DONALD TRUMP, PRESIDENT OF THE UNITED STATES: If the opposite party becomes President, they'll say we want to impeach him, and you'll impeach him. It's so ridiculous. But if it does happen, it's your fault because you didn't go out to vote.


JONES: So that's his response. Look, luckily, help is on the way. As I said, you got a lot of fresh faces out there shaking up the political establishment like Ayanna Pressley in Massachusetts. She is proof that diversity and inclusion still have a place in our democracy; I love that.

I'm also personally happy to see my old boss Barack Obama, he's back in the game reminding us that, with progress always comes a backlash, but the backlash does not have to be permanent.


BARACK OBAMA, 44TH U.S. PRESIDENT: Each time we've gotten closer to those ideals, somebody somewhere is pushed back. The status quo pushes back. It did not start with Donald Trump. He is a symptom, not the cause.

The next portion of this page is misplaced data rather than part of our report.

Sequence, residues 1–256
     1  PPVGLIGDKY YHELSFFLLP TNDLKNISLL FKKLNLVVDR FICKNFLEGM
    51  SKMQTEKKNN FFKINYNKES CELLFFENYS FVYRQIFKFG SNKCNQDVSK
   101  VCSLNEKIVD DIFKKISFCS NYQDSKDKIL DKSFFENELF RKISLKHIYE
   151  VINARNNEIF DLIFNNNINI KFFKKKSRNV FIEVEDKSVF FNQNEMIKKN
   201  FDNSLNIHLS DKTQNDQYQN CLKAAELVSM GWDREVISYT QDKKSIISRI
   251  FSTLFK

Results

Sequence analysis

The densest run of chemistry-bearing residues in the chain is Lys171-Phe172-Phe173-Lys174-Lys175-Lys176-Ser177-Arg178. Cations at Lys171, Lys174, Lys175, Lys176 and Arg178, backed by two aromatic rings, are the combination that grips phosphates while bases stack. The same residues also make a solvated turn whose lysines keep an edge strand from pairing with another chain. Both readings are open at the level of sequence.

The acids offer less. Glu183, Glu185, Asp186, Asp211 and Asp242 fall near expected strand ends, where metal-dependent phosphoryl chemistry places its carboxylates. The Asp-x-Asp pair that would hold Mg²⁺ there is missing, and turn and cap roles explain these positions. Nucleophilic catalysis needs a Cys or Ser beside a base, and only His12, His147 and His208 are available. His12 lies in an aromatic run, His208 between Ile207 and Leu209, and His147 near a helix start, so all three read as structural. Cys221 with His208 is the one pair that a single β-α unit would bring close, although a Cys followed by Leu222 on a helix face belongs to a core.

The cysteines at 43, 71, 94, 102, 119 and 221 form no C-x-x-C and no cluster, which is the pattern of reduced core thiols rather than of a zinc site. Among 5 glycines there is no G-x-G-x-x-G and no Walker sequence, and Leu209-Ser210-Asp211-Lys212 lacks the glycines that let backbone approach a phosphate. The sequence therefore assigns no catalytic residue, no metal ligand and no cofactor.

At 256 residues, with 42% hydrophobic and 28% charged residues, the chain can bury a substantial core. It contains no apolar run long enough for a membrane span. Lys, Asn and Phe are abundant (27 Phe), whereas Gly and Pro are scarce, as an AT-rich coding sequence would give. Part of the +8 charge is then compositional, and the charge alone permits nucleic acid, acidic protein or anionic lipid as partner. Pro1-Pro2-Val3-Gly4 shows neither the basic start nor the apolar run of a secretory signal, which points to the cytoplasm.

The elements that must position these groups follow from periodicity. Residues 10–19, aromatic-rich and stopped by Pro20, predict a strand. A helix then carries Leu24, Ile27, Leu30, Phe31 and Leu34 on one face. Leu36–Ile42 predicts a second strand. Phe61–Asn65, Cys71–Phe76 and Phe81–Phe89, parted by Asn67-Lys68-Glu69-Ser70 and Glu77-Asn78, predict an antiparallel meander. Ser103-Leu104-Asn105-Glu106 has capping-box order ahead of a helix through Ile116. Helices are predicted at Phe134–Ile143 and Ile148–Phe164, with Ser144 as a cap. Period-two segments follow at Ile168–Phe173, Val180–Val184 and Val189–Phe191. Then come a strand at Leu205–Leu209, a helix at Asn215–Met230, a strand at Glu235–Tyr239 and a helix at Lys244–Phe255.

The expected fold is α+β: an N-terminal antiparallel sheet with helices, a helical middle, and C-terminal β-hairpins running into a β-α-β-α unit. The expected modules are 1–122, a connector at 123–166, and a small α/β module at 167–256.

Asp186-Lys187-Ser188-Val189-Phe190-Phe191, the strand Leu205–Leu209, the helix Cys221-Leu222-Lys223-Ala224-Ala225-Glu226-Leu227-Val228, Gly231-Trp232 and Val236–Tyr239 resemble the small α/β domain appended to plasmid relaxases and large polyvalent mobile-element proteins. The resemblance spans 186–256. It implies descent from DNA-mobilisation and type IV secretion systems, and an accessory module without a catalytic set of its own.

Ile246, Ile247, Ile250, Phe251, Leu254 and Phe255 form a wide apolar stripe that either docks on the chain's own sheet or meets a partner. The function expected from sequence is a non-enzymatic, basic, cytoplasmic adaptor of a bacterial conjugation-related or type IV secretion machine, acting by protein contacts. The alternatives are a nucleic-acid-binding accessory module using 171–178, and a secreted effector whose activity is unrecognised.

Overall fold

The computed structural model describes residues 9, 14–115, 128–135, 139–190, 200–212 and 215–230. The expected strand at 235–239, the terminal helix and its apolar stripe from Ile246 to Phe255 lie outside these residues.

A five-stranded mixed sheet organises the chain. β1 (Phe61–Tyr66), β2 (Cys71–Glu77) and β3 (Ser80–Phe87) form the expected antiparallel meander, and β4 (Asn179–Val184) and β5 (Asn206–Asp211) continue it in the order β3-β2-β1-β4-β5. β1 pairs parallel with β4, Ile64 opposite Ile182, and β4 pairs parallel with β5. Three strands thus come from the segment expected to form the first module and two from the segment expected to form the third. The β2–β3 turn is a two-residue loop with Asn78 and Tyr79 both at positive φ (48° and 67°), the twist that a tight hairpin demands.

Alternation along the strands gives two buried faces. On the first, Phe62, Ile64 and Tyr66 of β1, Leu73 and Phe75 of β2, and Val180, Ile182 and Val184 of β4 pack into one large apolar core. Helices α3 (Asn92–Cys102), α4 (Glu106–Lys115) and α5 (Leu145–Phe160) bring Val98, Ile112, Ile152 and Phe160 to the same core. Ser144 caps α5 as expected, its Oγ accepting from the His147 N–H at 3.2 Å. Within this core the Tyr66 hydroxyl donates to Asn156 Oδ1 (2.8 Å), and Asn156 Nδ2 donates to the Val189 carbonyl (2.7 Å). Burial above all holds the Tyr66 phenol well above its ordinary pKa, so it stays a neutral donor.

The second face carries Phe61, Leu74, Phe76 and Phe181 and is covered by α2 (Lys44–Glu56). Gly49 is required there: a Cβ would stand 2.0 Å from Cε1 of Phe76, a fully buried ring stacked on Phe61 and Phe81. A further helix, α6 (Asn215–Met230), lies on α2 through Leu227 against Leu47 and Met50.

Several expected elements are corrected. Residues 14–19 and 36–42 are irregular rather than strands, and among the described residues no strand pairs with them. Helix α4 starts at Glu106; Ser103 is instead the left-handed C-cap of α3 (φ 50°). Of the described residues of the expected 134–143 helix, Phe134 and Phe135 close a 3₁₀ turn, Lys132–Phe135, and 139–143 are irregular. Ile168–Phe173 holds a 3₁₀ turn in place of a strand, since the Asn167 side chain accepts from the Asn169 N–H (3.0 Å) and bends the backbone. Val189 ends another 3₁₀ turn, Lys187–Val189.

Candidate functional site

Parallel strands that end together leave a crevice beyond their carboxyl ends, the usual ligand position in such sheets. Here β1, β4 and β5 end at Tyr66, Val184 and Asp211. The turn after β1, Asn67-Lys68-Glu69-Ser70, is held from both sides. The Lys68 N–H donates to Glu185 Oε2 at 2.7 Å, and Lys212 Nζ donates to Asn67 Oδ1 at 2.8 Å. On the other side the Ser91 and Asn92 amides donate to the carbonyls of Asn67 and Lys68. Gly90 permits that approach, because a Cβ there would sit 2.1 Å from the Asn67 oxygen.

JONES: Yes, I love hearing that voice, I love seeing that face. Hope and heartbreak are in a foot race right now in America. And with the elections right around the corner, everybody needs to lace up the tennis shoes, get involved, and help hope win.

Now, one person who never gives up hope and who never stops speaking her own mind is my first guest. Please welcome to The Van Jones Show, the one and only Joy Behar.

[19:05:18] (APPLAUSE)

JOY BEHAR, CO-HOST, THE VIEW: Hi. Hi, how are you?

JONES: Hello.


JONES: Now, I got two kisses.

BEHAR: Hi ladies.


JONES: It's just an honor to have you on the show.

BEHAR: That's just (INAUDIBLE)

JONES: You are amazing. You are an icon. Look, I know The View's coming back on the air, it's the 22nd season. But you're missing somebody from the family, Meghan McCain, how is she doing.

BEHAR: I think she's OK. She was remarkable at the funeral.


BEHAR: Did you watch that?

JONES: Oh my God, it was an unbelievable speech.